In the inaugural episode, Continue Reading…
Archives For lust
Men, here are 4 reasons you should NOT read Beyond the Battle: A Man’s Guide to His Identity in Christ in an Oversexualized World by Noah Filipiak:
1. You don’t struggle with lust at all. You never check out attractive women when they walk by. You don’t have any desire to look at internet porn or nudity in TV shows and movies.
2. You do lust, look at porn, watch Game of Thrones, etc. but you don’t think it’s a sin and you don’t have a problem with it.
3A. You are completely content in your marriage. Your wife is the definition of perfection in every way. You never wish she would change anything or act differently.
3B. You are completely content in your singleness. You never struggle with God about why you aren’t married.
4. Because Noah Filipiak is not a celebrity, and you know that only celebrities have good or helpful things to say.
If any of these apply to you, make sure you do NOT click on the following link: Beyond the Battle: A Man’s Guide to His Identity in Christ in an Oversexualized World by Noah Filipiak
There is a trend in our culture where if you are attracted to the same sex, attracted to both sexes, or identify as a different gender than your birth gender, the cultural tide tells you to go with how you feel, be yourself, and live into these feelings and attractions.
It can feel like there are only two paths: the cultural path of living by your feelings / orientation or the biblical path of living according to what the Bible says. This dichotomy that’s been set up by the Church and by culture doesn’t give the whole picture though; it’s like we’re playing a game of chess with only a quarter of the board.
A primary breakdown in this dichotomy is that “the biblical path” is often seen by both culture and the Church as meaning “the straight path,” as in, if you’re straight, you’ve met the Bible’s standard. Heterosexual sin within the Church is no big deal, while homosexual sin gets all of the attention. This dichotomy also assumes that the solution for someone who is gay is for them to become straight, something that is usually not possible.
Is heterosexual sin spoken against in the Bible? Yes. Clearly and directly and repeatedly. From lust, to adultery, to divorce, heterosexual sin is called out as direct rebellion against a holy God.
Why is Jesus so harsh against lust and divorce? (Matthew 5:27-32) It’s because God created sex to be between a man and a woman in the context of marriage alone. Does that line feel familiar to you? It might remind you of debates that go on between culture and the Church (or between the Church and the Church) about homosexuality. And it begins to reveal a few more of the missing squares on the chess board…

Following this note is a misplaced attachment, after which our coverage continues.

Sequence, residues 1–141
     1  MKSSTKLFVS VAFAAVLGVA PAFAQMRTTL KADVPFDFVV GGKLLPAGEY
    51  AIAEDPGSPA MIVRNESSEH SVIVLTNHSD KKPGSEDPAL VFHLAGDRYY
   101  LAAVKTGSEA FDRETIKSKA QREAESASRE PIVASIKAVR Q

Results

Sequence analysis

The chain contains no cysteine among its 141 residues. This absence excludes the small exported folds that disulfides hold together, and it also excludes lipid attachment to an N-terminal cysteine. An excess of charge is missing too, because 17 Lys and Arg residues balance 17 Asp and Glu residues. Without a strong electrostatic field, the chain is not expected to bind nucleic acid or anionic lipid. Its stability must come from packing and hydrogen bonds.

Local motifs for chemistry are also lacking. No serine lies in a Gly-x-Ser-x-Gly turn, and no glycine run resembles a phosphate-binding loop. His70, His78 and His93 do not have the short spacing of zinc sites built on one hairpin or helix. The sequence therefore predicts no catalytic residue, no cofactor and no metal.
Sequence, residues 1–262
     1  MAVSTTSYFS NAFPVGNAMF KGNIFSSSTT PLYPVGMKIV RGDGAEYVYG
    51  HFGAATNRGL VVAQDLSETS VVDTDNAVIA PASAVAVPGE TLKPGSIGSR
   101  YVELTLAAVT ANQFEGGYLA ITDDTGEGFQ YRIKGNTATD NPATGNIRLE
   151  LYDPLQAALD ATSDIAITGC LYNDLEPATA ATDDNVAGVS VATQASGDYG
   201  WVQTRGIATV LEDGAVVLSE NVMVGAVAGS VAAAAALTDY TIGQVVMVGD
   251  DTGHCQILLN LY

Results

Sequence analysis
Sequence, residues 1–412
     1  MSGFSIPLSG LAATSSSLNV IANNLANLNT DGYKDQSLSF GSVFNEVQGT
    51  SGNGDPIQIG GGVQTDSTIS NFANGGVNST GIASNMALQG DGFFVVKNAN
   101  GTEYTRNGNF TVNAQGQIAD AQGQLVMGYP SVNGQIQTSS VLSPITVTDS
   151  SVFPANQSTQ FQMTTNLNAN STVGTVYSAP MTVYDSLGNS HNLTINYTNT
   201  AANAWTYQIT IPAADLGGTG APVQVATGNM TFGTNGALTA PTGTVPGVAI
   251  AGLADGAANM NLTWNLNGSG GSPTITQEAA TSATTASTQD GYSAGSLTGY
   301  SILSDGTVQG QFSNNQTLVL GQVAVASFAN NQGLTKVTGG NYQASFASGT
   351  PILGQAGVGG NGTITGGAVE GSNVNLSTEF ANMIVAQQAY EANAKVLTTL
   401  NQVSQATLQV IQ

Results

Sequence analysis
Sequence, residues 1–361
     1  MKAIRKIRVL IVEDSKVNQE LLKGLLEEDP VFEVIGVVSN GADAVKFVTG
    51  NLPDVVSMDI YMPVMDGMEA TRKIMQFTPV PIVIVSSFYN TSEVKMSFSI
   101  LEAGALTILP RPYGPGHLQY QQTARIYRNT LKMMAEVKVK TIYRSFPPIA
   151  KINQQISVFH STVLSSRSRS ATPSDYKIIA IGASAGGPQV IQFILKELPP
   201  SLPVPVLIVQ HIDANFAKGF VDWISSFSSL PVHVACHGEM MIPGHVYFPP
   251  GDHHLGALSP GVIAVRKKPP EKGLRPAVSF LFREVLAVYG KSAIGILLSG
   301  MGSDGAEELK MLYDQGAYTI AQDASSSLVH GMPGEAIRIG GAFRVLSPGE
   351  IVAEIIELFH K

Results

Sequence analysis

Those who are gay, lesbian and transgender get all of the spotlight when it comes to conforming to the Bible’s design for sex—not that they are asking for it, but as a heterosexual with tons of sexual disorientation issues, I have to say I’m a little jealous. Continue Reading…
Christians are to save sex until marriage and are to keep it there. (Genesis 2:24; 1 Corinthians 6:12-20)
And fantasizing about sex outside of marriage is the same heart condition as engaging in it. (Matthew 5:27-28)
These sound like some pretty strict “thou shalt not’s!” It’s very important that we understand why God gave us these commands, as it wasn’t just to ruin our fun. In a nutshell, sex is potent and volatile. Our world has duped us into believing it’s only about body parts and impulses, but we all know it involves much more intimacy and vulnerability than that. Deception is played, hearts are broken and selfishness runs rampant. Instead of looking at another person as a human being, we’ve been conditioned to see them as objects to be used for our consumption and then discarded.
This is a problem. Continue Reading…
The New York Post had a nude photo of Donald Trump’s wife Melania on its cover this week, with the title “Ogle Office.” The photo was taken around 20 years ago, when Melania was 25 years old, in the thick of her modeling career and before she met Donald. It was from a now defunct French men’s magazine, according to CNN.com.
Ironically timed, there’s an article in today’s USA Today with Donald and son Eric’s thoughts on how (Donald’s daughter / Eric’s sister) 34-year-old Ivanka Trump would handle being sexually harassed. Ivanka is a business woman and former model. This was a response to a previous USA Today article where Donald says he thinks Ivanka should find a new job if she was being harassed in her workplace. The articles, written by Mary Bowerman and Kirsten Powers respectively, both denounce Donald for insinuating it’s a woman’s fault if she’s sexually harassed. Powers’ article sums up the feeling well in her last sentence:
All together now: Women don’t cause sexual harassment, harassers do.
Before I get in to my thoughts, let me say that I agree with Powers’ sentiment here. As a pastor, I would re-frame it to say that a person (in this case the harasser) is responsible and accountable for their own sin. No excuses. Period. Continue Reading…